In fact, scientists have studied animals on the visual cliff and have found that animals that rely on visual cues pass the visual cliff (meaning only walking towards the shallow side) immediately after birth (this is true of chicks that are less than 24 hours old and kids and lambs as soon as they can stand (around a day after birth)). Researchers state that "a seeing animal will be able to discriminate depth when its locomotion is adequate, even when locomotion begins at birth" (5).
This brings up the question of whether fear of heights should be considered an "instinct," and what the definition should be of "innate." Can something still be an instinct if you are not born with it? And can instincts exist on a continuum? For example, while all developmentally normal adults know that heights are dangerous, not all of them will show the same increase in anxiety symptoms when faced with them (or feel any anxiety at all). Did something go wrong in the development of adults who are not afraid of heights? Along this continuum, the fear can also become excessive and unreasonable in 2-5% of the population—becoming a diagnosable phobia called acrophobia (classified under anxiety disorders in the DSM-IV).
Other developmental examples support the idea that motor experience can lead to improvements in perception. Babies who have learned to crawl are better at finding hidden objects, and the longer a baby crawls in one session the better spatial cognition they display during that session (6). Besides just crawling, it has also been shown that as babies get better at using their hands and fingers they also get better at discriminating different properties of objects, like size, weight, texture, and temperature (7). Finally, as babies learn to control their heads, they show vast improvements at localizing a sound source. These studies show us that more complicated movement can improve perception in various different instances and modalities.
This made me wonder about the sensory experiences of individuals who never gain independent control of their movement, or those who lose the ability later in life. Do they have deficits in their perceptual systems? I also wondered whether therapies involving movement could help improve perception in those same people. There are books sold online with physical activities they claim will help keep your child from developing learning and behavioral problems (sometimes called "special physical education"). Another site claimed that 70% of kids with learning disabilities did not crawl but immediately learned to walk (8). Is it a two-way street so that damaging motion always damages sensation or the other way around? Or even, improving one improves the other? This seems unlikely since there are separate tracts in the spinal cord dedicated to sensory and motor functions.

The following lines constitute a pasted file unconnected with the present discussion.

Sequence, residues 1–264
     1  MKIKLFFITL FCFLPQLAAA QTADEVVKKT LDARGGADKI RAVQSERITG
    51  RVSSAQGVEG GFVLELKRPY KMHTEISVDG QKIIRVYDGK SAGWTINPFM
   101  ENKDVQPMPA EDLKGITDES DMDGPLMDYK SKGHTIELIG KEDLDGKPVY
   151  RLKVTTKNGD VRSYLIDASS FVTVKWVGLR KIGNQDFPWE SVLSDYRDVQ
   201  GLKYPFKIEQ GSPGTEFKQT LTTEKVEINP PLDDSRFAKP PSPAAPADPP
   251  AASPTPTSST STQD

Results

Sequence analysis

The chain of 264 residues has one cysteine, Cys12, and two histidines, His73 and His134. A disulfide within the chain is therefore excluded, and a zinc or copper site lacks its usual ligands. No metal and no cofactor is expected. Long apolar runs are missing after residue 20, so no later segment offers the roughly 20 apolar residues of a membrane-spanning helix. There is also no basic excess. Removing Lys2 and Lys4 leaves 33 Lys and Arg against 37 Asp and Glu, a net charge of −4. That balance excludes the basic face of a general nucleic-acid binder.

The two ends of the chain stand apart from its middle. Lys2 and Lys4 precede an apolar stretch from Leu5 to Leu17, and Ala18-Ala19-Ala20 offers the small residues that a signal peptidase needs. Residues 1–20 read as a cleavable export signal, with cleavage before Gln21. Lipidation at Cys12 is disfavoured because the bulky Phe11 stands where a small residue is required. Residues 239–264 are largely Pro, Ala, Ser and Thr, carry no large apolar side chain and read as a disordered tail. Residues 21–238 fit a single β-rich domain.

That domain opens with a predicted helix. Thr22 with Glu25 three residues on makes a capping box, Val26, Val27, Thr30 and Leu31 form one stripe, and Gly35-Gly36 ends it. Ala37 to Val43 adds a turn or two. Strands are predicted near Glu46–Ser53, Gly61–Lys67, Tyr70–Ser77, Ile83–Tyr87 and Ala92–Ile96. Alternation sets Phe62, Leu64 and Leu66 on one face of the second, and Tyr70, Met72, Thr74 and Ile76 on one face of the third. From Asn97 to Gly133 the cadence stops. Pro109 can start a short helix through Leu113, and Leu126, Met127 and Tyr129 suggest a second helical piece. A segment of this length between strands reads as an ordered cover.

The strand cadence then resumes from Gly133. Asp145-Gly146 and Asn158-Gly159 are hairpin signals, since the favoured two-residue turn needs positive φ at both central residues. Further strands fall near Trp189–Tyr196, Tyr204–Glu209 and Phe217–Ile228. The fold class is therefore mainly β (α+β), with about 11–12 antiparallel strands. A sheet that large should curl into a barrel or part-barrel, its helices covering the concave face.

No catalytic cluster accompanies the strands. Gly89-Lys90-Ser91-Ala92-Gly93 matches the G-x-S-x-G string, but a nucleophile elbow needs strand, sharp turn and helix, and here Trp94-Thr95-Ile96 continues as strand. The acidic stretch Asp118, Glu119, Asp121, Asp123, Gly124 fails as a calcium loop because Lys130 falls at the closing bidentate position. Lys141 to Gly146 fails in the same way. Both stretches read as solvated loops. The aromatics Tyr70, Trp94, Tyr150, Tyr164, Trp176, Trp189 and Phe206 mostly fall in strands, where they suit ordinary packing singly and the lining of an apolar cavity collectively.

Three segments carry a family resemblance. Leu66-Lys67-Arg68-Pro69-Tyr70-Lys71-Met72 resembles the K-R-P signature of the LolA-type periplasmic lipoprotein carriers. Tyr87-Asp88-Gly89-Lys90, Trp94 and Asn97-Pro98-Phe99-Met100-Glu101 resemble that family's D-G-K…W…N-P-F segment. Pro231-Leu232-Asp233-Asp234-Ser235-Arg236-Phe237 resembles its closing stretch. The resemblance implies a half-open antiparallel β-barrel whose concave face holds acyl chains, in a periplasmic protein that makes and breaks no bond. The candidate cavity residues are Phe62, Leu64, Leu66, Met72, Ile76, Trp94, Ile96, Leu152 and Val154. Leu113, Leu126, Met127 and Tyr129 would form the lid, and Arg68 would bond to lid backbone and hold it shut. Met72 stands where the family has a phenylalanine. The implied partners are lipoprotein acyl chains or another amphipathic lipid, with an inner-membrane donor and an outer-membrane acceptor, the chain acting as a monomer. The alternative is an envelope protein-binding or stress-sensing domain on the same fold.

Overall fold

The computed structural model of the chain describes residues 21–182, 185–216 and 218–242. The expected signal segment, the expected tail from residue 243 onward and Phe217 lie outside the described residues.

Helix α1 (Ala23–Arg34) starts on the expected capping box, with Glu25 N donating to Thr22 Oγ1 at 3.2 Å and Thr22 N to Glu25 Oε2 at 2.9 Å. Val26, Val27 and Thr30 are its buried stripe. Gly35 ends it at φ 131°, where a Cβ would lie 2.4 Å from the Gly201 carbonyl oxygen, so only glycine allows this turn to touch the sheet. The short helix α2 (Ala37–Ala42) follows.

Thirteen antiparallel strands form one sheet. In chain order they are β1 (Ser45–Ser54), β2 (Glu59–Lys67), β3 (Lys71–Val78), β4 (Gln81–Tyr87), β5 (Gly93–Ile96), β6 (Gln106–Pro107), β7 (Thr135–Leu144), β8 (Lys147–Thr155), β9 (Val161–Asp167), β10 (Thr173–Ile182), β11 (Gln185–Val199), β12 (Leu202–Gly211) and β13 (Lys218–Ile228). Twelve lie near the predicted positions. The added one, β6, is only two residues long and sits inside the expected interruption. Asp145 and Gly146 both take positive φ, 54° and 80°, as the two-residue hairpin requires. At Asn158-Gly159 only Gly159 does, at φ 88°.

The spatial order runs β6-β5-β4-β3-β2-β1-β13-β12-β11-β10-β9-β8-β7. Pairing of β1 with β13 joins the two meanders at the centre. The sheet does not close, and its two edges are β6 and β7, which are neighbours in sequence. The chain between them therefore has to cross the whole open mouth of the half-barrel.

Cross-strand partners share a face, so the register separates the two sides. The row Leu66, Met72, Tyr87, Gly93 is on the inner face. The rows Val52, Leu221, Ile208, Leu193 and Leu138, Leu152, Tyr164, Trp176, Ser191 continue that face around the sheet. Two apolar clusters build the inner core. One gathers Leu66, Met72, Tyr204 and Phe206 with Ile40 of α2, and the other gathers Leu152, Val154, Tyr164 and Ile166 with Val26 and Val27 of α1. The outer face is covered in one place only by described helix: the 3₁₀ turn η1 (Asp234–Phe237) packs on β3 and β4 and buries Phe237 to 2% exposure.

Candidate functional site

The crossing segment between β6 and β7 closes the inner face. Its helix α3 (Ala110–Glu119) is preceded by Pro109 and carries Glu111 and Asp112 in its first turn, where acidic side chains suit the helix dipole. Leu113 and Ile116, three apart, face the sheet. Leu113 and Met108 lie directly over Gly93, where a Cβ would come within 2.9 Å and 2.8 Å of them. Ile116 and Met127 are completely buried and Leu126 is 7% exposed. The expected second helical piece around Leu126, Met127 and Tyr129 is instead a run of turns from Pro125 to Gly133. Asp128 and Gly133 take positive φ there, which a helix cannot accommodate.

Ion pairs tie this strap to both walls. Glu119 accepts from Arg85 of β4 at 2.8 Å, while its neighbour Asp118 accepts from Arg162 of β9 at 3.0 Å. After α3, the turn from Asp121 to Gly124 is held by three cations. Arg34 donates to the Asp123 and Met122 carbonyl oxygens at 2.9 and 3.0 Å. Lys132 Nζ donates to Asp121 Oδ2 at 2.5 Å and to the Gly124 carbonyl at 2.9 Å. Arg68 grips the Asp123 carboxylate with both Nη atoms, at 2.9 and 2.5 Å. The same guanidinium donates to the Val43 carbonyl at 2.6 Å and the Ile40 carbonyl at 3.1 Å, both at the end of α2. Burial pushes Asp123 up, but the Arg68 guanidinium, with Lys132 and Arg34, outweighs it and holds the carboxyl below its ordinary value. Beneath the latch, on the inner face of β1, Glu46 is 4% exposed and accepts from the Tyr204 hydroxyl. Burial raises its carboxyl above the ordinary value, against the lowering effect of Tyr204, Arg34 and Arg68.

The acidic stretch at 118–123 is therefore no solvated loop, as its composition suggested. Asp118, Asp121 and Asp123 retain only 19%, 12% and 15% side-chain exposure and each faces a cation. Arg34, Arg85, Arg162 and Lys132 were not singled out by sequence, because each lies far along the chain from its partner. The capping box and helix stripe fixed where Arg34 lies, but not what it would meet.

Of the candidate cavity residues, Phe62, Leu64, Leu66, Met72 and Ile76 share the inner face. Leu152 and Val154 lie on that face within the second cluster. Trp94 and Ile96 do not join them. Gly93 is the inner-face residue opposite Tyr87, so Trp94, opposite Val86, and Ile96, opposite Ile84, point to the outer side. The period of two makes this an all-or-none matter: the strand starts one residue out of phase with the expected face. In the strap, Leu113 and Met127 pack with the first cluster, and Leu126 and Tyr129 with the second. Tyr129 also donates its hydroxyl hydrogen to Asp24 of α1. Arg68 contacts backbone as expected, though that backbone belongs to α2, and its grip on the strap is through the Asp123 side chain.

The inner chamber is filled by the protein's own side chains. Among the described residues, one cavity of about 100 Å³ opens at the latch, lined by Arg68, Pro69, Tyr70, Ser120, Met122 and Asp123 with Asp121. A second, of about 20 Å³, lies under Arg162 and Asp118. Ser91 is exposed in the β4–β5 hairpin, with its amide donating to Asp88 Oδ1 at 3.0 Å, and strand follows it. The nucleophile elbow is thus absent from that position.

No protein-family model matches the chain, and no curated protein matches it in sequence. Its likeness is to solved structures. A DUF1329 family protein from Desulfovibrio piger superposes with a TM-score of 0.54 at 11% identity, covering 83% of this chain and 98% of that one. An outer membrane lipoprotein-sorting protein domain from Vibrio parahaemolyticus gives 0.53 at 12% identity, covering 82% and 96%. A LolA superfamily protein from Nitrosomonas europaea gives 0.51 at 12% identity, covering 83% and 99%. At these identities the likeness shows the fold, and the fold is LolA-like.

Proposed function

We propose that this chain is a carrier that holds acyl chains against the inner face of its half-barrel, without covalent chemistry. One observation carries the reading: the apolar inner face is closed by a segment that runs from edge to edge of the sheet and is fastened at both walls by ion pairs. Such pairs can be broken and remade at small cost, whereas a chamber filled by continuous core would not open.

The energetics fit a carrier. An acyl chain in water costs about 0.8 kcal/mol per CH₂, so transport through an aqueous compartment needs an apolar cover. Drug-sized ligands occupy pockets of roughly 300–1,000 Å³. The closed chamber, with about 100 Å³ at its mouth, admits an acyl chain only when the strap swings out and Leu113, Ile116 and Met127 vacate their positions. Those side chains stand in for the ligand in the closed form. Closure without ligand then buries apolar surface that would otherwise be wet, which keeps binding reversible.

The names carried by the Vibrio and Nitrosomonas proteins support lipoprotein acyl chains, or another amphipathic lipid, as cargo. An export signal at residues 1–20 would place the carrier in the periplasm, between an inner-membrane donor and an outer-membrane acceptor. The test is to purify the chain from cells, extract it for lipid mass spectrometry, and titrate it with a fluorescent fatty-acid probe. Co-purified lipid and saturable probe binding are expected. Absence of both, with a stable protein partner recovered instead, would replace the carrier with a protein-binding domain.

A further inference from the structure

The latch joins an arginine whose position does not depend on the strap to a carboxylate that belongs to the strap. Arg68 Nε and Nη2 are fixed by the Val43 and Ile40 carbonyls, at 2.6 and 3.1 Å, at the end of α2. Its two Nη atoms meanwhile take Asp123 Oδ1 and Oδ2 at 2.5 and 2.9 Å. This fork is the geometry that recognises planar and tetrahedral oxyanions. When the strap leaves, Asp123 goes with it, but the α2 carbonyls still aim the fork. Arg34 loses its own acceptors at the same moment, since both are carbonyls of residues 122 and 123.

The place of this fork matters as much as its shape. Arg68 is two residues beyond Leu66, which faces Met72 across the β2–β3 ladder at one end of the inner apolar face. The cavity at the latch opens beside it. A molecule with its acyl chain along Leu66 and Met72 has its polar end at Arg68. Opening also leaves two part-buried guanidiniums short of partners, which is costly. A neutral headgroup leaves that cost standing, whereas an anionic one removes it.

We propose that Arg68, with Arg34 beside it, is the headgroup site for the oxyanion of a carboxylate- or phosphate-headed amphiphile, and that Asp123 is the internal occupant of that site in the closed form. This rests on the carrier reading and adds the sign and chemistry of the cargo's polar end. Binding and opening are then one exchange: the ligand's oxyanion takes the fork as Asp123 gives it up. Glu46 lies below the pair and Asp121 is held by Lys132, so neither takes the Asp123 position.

In tackling this question of locomotion improving perception, we have seen that babies do not show a fear of heights until several weeks after they learn to crawl (or with experience moving with a baby walker) and there are also hints that crawling-onset age could be a factor. We also saw that in most cases, animals show fear of heights as soon as they gain locomotion, which is usually within one day. The concept of an instinct was discussed, and it appeared that the delay in this behavior in humans was due to how premature we are at birth relative to other animals, which results in a period of vulnerability for babies where they are able to crawl but not yet afraid of heights.
1) Berenthal, B. (1996) Origins and Early Development of Perception, Action, and Representation, Annual Review of Psychology, 47: 431-459, citing Campos et al (1992)
2)Berkeley Infant Studies video video of a baby being tested on a visual cliff
3)Berkeley Infant Studies Lab the lab's website with facts about the visual cliff
4) Richards & Rader (1991)
5)an article about the visual cliff a good article about visual cliff research at Cornell on babies and animals
6) Berenthal, B. (1996) Origins and Early Development of Perception, Action, and Representation, Annual Review of Psychology, 47: 431-459, Kermoian & Campos (1988)
7) Berenthal, B. (1996) Origins and Early Development of Perception, Action, and Representation, Annual Review of Psychology, 47: 431-459
8)Crawlies website an article on the benefits of crawling